While GAO regulations allow GAO to recommend an agency reimburse a protester’s costs if the agency takes corrective action, recouping costs can still be an uphill battle.
In AeroSage, LLC, B-416381.6 (Comp. Gen. Mar. 13, 2019), decided before GAO last week, a protester requested $26,450 in costs, but was only reimbursed its initial filing fee, approximately 1 % of that amount.
In the underlying case, AeroSage, LLC, B-416381 (Comp. Gen. Aug. 23, 2018), AeroSage’s protest was partially sustained because the Defense Logistics Agency failed to take into consideration two of the ten contract line item numbers within request for proposals No. SPE605-18-R-0218. Accordingly, GAO “recommend[ed] that the agency reimburse the protester its costs associated with filing and pursuing the protest, including reasonable attorneys’ fees, if any,” but emphasized that “the protester was not represented by counsel in this protest” in a footnote.
Procedures for cost claims are located at 4 C.F.R. § 21.8. After GAO recommends the agency pay the protester’s filing and litigation or bid preparation costs, the protester must file its cost claim with the agency within 60 days. These costs typically include things like attorneys’ fees, time and effort spent submitting an initial claim to the contracting officer, filing fees, and time and effort spent on appeals to GAO. If the protester and agency can’t agree on an acceptable reimbursement amount, however, the protester has 10 days from the time the agency refuses to participate in further cost negotiations to request GAO recommend the owed costs.
In this case, AeroSage represented itself, and as any business that has protested or been protested knows, it takes a lot of time and effort to wade through the mandatory administrative process. In pursuing its cost claims, AeroSage, LLC stated that its President put in over 110 hours of work pursuing the protest, and that AeroSage should be reimbursed for his time at his typical $250 per hour rate. GAO disagreed.
GAO first noted, in accordance with long standing precedent, GAO’s recommendation “that an agency reimburse a protester the costs of preparing its proposal, or filing and pursuing its protest, is not a blank check” and that all cost claims require sufficient documentary support.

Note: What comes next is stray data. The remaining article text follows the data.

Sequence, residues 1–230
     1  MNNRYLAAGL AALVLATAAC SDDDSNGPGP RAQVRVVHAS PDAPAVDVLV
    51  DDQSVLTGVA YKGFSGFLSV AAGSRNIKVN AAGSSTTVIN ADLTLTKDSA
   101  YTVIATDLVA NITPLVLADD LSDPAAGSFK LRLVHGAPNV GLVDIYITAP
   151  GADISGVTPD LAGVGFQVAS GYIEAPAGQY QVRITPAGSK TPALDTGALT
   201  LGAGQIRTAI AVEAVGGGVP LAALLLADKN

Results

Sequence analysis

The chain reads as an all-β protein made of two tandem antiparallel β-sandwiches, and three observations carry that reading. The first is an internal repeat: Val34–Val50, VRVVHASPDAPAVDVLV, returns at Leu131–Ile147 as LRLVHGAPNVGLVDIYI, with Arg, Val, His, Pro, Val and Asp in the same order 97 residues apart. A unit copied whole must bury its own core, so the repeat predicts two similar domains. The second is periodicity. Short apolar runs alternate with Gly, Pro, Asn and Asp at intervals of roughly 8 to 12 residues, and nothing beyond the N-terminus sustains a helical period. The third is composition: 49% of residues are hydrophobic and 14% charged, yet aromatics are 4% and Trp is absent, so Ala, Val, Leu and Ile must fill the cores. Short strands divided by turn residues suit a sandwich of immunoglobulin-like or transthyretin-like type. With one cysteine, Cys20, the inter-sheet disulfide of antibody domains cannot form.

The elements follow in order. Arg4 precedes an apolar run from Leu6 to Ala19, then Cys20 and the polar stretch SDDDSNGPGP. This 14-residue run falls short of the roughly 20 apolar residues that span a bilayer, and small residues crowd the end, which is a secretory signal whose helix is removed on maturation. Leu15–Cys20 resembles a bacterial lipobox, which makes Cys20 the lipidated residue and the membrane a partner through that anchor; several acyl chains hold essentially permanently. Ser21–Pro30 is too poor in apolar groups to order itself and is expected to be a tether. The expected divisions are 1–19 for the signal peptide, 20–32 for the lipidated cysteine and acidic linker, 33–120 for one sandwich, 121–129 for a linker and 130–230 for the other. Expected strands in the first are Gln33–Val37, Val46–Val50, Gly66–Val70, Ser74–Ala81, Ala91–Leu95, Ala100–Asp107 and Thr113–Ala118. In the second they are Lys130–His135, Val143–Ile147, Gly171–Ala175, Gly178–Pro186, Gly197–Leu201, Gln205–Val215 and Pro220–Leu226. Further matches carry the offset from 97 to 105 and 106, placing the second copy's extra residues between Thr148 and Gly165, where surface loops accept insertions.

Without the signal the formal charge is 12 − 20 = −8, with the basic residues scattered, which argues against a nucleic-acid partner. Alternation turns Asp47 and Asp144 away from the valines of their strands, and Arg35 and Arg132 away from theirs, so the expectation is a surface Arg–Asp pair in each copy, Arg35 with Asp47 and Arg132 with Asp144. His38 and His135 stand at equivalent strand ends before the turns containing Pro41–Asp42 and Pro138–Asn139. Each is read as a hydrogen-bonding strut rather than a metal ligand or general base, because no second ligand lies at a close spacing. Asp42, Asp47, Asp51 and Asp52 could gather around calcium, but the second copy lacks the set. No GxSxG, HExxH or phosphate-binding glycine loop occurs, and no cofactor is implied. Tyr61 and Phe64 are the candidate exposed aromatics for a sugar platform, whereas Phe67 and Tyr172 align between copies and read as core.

GAO took issue with AeroSage’s documentation of its President’s time: a payroll website printout that identified his hourly rate, but did not indicate that the rate came exclusively from his work with AeroSage, nor did additional information provided discuss the methodology used to calculated the rate. Rather than the documents AeroSage provided, the GAO stated that it instead required more “objective evidence of the rate, such as corporate payroll records, W-2 forms or tax records.”
GAO also denied AeroSage’s claim for reimbursement of costs specifically associated with pursuing its claim for costs (as opposed to pursuing the underlying protest). GAO stated that it only recommends reimbursement of this kind when the agency unreasonably delays or fails to give the underlying claim reasonable consideration.
Despite refusing to reimburse AeroSage for the time its President spent pursuing the protest, GAO agreed that AeroSage was owed the $350 GAO Electronic Protest Docketing System (EPDS) filing fee, which the agency did not dispute.
Overall, costs are an important consideration for any business looking to file a bid protest. While hiring an attorney, like those here at Koprince Law, may increase your chance for a successful protest, agencies and the GAO ultimately determine whether or not you’ll be reimbursed for you litigation expenses.
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